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Re: Getting pagination right


Hi Jay,

On Wed, May 25, 2011 at 03:40:27PM -0400, Jay Pipes wrote:
> On Wed, May 25, 2011 at 3:32 PM, Greg Holt <gholt@xxxxxxxxxxxxx> wrote:
> > select w from x where y > marker order by y limit z
> >
> > This gives you consistent pagination, means the database doesn't have to count matching rows to find an offset, and means you could shard by y later in life if you need to scale that much.

FWIW, this is the same approach I'm using in burrow, except where
order is roughly insert time (no guaranteed strict ordering when it's
sharded). This is simple and scales well.

> Sorry, that doesn't make any sense to me. An offset is part of the
> LIMIT X OFFSET Y clause. Your query above would return ALL the rows
> that match WHERE y > marker. That's not what we want. We want a
> segment of those rows.

Assuming you have an index on marker for efficiency, I think the query
makes perfect sense. Can you explain a bit more why you need the offset
if we are ok with the result set for a given page changing? From the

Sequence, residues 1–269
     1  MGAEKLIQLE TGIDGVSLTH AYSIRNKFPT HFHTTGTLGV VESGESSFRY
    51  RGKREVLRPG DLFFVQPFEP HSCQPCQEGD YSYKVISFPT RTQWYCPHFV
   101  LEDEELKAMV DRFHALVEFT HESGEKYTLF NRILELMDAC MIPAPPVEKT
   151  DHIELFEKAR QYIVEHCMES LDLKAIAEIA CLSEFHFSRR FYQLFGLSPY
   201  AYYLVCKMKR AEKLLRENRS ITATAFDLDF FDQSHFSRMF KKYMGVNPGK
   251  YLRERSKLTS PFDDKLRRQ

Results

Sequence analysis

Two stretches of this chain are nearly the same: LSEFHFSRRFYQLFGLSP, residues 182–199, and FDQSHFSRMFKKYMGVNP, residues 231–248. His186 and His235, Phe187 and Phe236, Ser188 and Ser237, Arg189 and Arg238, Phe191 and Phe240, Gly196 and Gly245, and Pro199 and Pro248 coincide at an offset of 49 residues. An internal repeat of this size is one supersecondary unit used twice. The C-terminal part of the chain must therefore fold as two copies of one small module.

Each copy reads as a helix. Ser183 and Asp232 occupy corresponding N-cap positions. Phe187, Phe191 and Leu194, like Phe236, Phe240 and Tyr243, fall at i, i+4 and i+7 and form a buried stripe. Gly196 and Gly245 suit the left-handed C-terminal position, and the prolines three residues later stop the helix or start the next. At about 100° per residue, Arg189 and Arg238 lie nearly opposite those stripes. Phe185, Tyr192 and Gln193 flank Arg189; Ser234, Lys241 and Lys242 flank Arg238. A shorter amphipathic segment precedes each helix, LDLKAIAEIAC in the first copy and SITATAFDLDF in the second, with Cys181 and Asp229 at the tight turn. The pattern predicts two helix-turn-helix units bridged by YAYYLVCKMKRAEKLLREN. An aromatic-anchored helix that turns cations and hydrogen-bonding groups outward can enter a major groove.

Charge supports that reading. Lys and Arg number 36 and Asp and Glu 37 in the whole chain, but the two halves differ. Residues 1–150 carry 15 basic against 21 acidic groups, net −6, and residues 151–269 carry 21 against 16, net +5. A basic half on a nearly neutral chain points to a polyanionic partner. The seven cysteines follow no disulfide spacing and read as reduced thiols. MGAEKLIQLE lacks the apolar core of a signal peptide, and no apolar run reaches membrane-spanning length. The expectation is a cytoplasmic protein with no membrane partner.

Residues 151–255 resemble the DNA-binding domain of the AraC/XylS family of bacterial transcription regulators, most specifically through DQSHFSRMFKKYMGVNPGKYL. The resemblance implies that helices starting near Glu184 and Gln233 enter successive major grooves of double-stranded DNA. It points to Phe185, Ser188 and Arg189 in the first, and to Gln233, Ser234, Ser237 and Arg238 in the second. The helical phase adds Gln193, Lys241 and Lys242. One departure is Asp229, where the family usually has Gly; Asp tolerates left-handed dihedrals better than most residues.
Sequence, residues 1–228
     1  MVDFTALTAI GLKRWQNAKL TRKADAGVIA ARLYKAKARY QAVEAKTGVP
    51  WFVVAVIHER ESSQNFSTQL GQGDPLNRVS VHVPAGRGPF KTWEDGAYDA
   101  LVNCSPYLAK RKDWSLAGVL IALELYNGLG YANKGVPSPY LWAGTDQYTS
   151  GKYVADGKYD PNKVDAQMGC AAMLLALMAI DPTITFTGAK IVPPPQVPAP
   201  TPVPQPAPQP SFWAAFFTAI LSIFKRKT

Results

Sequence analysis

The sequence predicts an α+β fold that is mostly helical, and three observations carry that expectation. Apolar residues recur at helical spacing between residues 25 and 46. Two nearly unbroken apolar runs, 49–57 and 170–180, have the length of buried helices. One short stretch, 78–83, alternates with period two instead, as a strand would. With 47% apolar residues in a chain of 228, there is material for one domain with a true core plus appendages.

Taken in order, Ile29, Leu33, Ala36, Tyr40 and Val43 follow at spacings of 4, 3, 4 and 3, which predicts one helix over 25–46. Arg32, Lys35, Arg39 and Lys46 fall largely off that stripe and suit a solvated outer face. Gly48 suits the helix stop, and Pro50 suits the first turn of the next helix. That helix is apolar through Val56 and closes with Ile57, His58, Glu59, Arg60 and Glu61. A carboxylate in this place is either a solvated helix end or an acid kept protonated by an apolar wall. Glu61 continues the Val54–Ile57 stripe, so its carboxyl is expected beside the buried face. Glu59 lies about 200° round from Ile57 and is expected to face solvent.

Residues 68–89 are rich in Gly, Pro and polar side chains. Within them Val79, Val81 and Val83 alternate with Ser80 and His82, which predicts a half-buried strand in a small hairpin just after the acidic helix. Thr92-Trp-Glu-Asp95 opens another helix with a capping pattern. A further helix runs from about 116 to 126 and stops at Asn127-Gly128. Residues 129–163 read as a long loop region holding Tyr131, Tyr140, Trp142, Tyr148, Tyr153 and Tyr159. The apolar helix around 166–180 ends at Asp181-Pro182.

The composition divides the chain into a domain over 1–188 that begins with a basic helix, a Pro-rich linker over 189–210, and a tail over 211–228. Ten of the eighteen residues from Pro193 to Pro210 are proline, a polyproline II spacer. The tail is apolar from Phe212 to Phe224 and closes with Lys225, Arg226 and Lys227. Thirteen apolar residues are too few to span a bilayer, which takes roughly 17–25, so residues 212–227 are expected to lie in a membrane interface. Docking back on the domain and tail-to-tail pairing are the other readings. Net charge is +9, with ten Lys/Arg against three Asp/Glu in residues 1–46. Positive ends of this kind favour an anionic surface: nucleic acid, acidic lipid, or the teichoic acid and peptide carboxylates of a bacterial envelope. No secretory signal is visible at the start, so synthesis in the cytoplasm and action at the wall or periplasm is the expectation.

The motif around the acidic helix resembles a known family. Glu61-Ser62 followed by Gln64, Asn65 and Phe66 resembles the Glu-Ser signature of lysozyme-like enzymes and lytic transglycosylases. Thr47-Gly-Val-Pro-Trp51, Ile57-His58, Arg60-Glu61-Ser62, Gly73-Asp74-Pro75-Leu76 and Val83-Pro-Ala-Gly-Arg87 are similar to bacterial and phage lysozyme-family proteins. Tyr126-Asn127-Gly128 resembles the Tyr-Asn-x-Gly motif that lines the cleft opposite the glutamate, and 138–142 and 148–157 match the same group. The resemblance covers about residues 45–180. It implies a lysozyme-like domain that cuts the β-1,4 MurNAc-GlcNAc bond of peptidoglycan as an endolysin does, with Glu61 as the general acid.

total set, we're returning everything after the last seen marker,
ordering those rows larger (which should be a no-op with the index),
and then limit by an optional limit parameter. Seems ok to me.

> In addition, your SQL expression does not return consistent result
> sets if the Y column does not have an increasing value over time. New
> records inserted into the table will pop into random pages of results
> if the Y column does not have a strictly increasing ordering.

I think not being consistent is OK. If you are viewing a list of images
and then you see a new one pop up on refresh after another insert
(using the same marker), I think this is perfectly fine. It certainly
helps keep things simpler on the backends. Doesn't seem like a big
issue for swift so far, and I don't anticipate issues with burrow.